Gold’s Gym in Venice (established in 1964) is considered the Mecca of Bodybuilding. This is where it all began. It is considered the prime spot to pump some serious iron. As Tyler Durden, competitive bodybuilder and member of the NPC (National Physics Committee) points out: “For those of us who are serious and compete, this is a lifestyle. You eat right, you don’t drink or smoke, and you get plenty of rest. If you’re not serious about this, someone else will come along that is.” Concurs 51 year old body builder, Ron King: “It takes discipline and it’s healthy. That’s what matters.”

This world-renowned gym has turned out countless champion bodybuilders. Besides 47,000 square feet of Nautilus machines and free weights, the walls are lined with floor to ceiling mirrors. At any given time, you’ll see serious bodybuilders pumping iron to a rock and roll beat. Located at 360 Hampton Drive (three streets inland from the beach), Gold’s Gym opens daily at 5 a.m. and stays open until midnight. On weekends it’s open from 4 a.m. until midnight.

Upcoming Events

Late spring and summer are the best times of the year to catch some fun bodybuilding events:

  • The Muscle Beach International Classic on May 25-26.
  • Mr. and Mrs. Muscle Beach held on July 4th. This offers novice and open divisions for men and women bodybuilding and figure.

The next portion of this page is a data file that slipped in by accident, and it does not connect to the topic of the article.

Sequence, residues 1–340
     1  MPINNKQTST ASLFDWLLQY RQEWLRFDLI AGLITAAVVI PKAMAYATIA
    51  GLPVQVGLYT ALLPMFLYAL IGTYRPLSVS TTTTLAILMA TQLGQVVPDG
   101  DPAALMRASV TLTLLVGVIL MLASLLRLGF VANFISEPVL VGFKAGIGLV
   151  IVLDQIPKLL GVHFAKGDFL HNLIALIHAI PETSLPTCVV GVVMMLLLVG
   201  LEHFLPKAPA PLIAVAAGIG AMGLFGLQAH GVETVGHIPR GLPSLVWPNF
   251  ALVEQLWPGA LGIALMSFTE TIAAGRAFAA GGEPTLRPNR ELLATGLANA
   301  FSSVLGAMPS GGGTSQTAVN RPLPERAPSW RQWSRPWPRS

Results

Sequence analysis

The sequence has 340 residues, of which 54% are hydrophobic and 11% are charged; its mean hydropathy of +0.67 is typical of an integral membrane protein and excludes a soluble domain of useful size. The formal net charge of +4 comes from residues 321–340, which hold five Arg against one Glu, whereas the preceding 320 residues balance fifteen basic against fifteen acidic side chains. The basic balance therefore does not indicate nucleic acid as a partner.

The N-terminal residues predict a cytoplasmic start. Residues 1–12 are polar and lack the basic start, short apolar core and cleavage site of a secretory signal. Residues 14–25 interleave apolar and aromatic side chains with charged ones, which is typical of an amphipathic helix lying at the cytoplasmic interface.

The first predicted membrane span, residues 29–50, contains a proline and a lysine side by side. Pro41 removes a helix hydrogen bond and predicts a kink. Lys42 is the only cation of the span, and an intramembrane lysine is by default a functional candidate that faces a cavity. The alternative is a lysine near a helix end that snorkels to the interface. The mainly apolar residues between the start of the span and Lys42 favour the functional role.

• Muscle Beach Midsummer’s-Eve Fitness Pageant. There will be two categories: Figure Competitors and Bikini Models.
  • The Muscle Beach Championship, held on September 1st.
  • Body Building and Figure Demonstration held on Sundays from 2-4 on May 18th, June 29th, July 6th, and August 31st. It’s free to the public. Remember, huge crowds are expected to attend these events so prepare to arrive at the beach early.

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Oatmeal For Your Health

25 Mar

If you cook rolled oats in boiling water, with a bit of raw butter perhaps, it’s very good for you. Even those who have a low carb tolerance, like Jon, can consume oats when soaked overnight prior to boiling the next day. This deactivates the enzyme inhibitors that cause digestion problems.

Back to heart health for a moment: one study focused on millers, individuals who mill oats, and found that those who ate the most of their own product had the least amount of heart disease. Even for those who did not consume as much as the other millers, all of them had less heart disease than the general population.

oatmeal with fruits